California’s prisons are dangerously overcrowded, and various prisons have been found to have conditions that violate inmates’ rights, including a health care system so deficient the U.S. Supreme Court deemed it cruel and unusual punishment, in violation of the Eighth Amendment. Voters have provided some relief for these problems, with the repeal of the “three strikes” law in 2012, and reclassification of some nonviolent offenses in 2014. Now voters have another chance to help reform a broken criminal justice system with Prop 57, which increases parole opportunities for nonviolent offenders and requires judges, instead of prosecutors, to determine whether juvenile defendants are tried as adults. The proposition also allows for sentence credits for good behavior, as well as rehabilitation and educational achievements.
Criminal sentencing practices disproportionately impact people of color, and prison overcrowding and mass incarceration lead to more crime, not less. Our current prison system acts as a training ground for criminals to become better criminals, and a recruitment center for gangs. Instead, our criminal justice system needs a greater emphasis on helping inmates reintegrate into society.
Prop 57 is an important step toward reforming our broken criminal justice system. We recommend a YES vote.
YES on Prop 64: Legalize Recreational Marijuana
Medical marijuana is legal in California, and non-medical possession has been decriminalized since 2011 (possession of up to one ounce is a misdemeanor offense, carrying a fine of $100 and no mandatory court appearance, similar to a traffic ticket). The state has all but given up on trying to prevent people from using marijuana, yet it continues to perpetuate the failed “war on drugs” by prosecuting marijuana distribution. Nonviolent drug offenses are a major cause of mass incarceration and prison overcrowding, and people of color are much more likely to be incarcerated for nonviolent drug offenses, even though white people are actually more likely to sell drugs.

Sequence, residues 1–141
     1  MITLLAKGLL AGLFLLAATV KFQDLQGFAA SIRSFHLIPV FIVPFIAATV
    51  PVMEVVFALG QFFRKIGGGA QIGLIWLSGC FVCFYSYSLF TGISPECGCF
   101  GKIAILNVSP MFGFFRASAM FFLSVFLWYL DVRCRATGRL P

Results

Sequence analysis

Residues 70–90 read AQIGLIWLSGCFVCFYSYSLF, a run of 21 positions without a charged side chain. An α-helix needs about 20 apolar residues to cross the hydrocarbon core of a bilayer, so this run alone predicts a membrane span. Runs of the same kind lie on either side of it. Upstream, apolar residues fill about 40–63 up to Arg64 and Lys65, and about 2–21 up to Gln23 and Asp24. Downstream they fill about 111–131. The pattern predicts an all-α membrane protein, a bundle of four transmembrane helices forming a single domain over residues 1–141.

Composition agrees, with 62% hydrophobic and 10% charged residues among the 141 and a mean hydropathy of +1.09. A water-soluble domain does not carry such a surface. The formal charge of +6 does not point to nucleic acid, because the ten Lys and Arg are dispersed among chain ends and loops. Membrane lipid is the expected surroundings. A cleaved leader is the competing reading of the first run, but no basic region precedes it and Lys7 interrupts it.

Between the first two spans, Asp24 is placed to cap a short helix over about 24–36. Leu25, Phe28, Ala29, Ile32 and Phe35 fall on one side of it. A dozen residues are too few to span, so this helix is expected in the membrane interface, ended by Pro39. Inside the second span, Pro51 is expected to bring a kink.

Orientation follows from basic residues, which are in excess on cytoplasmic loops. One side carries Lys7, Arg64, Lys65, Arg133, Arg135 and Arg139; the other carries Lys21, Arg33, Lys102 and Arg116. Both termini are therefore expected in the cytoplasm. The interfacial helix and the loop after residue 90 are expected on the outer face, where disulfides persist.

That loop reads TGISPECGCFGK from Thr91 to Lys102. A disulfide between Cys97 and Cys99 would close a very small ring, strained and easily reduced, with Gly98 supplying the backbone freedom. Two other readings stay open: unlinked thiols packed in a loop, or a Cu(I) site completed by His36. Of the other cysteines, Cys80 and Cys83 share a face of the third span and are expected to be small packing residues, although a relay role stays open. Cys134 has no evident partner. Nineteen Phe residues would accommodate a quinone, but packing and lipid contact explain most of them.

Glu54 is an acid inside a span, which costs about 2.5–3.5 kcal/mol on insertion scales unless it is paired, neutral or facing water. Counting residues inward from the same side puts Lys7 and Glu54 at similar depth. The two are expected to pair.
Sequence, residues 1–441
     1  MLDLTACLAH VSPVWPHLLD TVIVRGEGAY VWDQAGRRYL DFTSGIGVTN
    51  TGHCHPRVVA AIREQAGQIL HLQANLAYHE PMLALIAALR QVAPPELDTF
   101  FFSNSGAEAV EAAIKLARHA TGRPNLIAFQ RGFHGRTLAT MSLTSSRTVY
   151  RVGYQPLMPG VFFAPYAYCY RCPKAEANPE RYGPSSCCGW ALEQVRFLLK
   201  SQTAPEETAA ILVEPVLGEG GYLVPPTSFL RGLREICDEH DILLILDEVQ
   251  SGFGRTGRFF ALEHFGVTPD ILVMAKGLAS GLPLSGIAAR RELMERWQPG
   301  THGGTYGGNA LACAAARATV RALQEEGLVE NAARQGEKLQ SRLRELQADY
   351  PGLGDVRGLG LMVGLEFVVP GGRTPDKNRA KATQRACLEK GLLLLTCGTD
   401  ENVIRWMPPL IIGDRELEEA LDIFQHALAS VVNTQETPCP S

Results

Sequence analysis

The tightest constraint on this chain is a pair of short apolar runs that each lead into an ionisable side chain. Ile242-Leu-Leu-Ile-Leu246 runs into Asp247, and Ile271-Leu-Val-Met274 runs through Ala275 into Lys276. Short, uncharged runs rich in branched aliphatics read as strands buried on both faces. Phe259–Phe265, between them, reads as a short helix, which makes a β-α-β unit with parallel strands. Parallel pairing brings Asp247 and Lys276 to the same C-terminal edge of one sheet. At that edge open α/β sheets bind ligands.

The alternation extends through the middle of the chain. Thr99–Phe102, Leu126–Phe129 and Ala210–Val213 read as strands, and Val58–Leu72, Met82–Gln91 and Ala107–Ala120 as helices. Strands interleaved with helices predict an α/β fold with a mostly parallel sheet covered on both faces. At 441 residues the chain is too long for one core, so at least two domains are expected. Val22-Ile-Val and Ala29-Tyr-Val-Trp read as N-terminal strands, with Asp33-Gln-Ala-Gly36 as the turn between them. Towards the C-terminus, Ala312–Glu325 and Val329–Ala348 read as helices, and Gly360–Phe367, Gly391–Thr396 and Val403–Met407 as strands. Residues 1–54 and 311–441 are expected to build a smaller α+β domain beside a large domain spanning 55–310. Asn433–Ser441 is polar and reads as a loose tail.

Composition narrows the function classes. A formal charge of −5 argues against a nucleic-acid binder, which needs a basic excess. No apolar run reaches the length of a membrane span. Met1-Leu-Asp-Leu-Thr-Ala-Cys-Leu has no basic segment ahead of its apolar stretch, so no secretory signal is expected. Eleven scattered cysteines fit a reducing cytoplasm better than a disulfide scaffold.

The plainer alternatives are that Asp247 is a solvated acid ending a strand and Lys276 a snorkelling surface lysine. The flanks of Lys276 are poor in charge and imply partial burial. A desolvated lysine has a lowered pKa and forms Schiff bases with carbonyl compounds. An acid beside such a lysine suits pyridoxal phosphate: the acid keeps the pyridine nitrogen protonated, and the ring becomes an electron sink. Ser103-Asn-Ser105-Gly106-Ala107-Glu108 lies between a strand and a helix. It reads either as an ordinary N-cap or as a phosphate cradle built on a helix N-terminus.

Colorado and Washington state grabbed headlines when both states approved voter initiatives legalizing recreational marijuana. Despite dire predictions, neither Colorado nor Washington has seen the feared increases in teen use or traffic fatalities. And studies have shown that smart marijuana policies, like those in Colorado, have the multiple benefits of minimizing use, decreasing black market demand, and maximizing tax revenue.
Opponents of Prop 64 say that the proposal is deeply flawed because it allows people with past drug convictions to participate in the legalized marijuana market, unlike the laws passed in Colorado and Washington. But we contend that this is actually the best part of California’s approach. First of all, it is flat out hypocritical to legalize marijuana, but bar the victims of the failures of prohibition from participating. Furthermore, excluding people with distribution convictions from participating in the legal market will only perpetuate the black market, with its built in customer base and supply chain.
Legalizing recreational marijuana is the right thing to do, and Prop 64 is the right way to do it. We recommend a YES vote.
For more information on how we decide our endorsements, read How We Look at the Ballot.
Header image by flickr user Dave Nakayama via Creative Commons, CC BY